Time to rein in the spending, your highness?

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City Diary: Dubai's debt-laden Sheikh Mohammed al Maktoum goes on an equine spending spree, while Red Ken turns fifty shades of grey

The Tattersalls yearling sales enjoyed a record start on Tuesday, with turnover up 27pc on last year’s opening session to a sporting 23m guineas.

The biggest contributor to the haul was Dubai’s racehorse-loving ruler Sheikh Mohammed al Maktoum, who spent 3.7m guineas on 14 horses, including the top lot Raven’s Pass, which changed hands for 800,000 guineas after Irish tycoon John Magnier pushed up the price.

All great news for the horse-racing industry.

But, not to rain on the sovereign’s parade, the spending spree comes hard on the hoof of Commerzbank (Other OTC: CRZBF.PK - news) , RBS (LSE: RBS.L - news) and Standard Bank last month launching legal proceedings against Dubai Group, the Sheikh’s investment firm, after failing to find a “consensual solution” for restructuring its $10bn (£6.2bn) debt.

Time for Clifford Chance, which is representing Dubai Group, to have a quiet word about reining in the Royal spending?

= Channelling the weather =

Remaining in Dubai, too much fog in the state capital has sent a number of executives flying in for this week’s Abu Dhabi Media Summit off course.

Melvin Ming, the president and chief executive of Sesame Workshop, and Naveen Tewari, the founder of Bangalore advertising network InMobi, were both affected.

David Kenny, the seasoned chief of The Weather Channel, was not.

= Fifty shades of Red Ken =

A literal interpretation of whether London should love its bankers at Tuesday night’s Intelligence Squared debate of the same name, courtesy of Ken Livingstone.

“I’ve never physically loved a banker,” the ex-London Mayor piped up from the “con” side of the panel. “But if tonight’s motion is carried, and I’m told I must love my bankers, I think I’ll turn to that Fifty Shades of Grey and go for a bit of sadomasochism.”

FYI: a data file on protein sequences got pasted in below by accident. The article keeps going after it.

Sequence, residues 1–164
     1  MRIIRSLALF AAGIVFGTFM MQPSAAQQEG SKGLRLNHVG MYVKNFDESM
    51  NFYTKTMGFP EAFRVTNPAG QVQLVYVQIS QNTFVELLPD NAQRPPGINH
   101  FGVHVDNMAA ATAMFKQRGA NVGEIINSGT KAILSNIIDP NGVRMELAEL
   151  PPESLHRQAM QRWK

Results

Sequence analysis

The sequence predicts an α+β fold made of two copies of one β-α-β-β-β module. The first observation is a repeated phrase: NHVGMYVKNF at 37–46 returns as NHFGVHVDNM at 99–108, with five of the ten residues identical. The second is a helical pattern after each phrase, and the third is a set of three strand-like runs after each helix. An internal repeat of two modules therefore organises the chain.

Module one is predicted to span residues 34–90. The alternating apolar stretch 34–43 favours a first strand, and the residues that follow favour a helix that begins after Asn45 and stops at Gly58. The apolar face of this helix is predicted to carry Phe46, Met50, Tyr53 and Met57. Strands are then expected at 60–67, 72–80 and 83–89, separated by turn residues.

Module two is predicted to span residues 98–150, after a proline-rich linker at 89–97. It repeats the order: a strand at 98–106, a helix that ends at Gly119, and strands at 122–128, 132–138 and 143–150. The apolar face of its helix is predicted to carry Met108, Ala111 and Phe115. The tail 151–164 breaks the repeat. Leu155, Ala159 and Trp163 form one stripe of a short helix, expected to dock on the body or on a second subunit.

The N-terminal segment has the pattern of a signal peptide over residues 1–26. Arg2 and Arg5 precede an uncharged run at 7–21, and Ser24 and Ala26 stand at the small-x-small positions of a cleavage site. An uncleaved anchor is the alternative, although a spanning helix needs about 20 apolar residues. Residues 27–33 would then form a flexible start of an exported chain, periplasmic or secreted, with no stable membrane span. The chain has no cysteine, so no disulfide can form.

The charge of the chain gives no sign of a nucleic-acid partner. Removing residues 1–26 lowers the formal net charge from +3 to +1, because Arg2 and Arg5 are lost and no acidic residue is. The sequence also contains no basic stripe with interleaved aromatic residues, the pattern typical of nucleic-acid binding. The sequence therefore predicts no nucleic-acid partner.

Financiers brace yourselves the motion was passed.

= Sir Mervyn's regrets =

Over at the London School of Economics meanwhile, Sir Mervyn King ruminated on what might have been had he achieved his long-held ambition of “being boring”.

The unkind might suggest the lecture King subsequently delivered on “Twenty years of inflation targeting” complete with a counterfactual thought experiment on monetary policy ticked that box.

But no matter the main takeaway is that the exiting Bank of England governor is rather sad his days are numbered.

“My term of office will end in June next year,” he bowed out. “It will require an Act (Taiwan OTC: 3492.TWO - news) of Parliament or a revolution to change that.”

= Bloomberg rewired =

Big Brother is watching Bloomberg staff, who will tonight enjoy drinks in the reception of their 50 Finsbury Square HQ to usher in a new productivity-tracker cunningly disguised as an artwork.

The installation is designed by Tobias Rehberger, who has created 888 spheres that light up throughout the day “depending on the number of people logged into the computer network of the building”, says the publicity froth.

Understandably, the newswire’s toilers are not impressed. “It looks like some sort of psychedelic chandelier, really odd,” says one critic. Will the last person to leave Bloomberg please turn out the lights?

harriet.dennys@telegraph.co.uk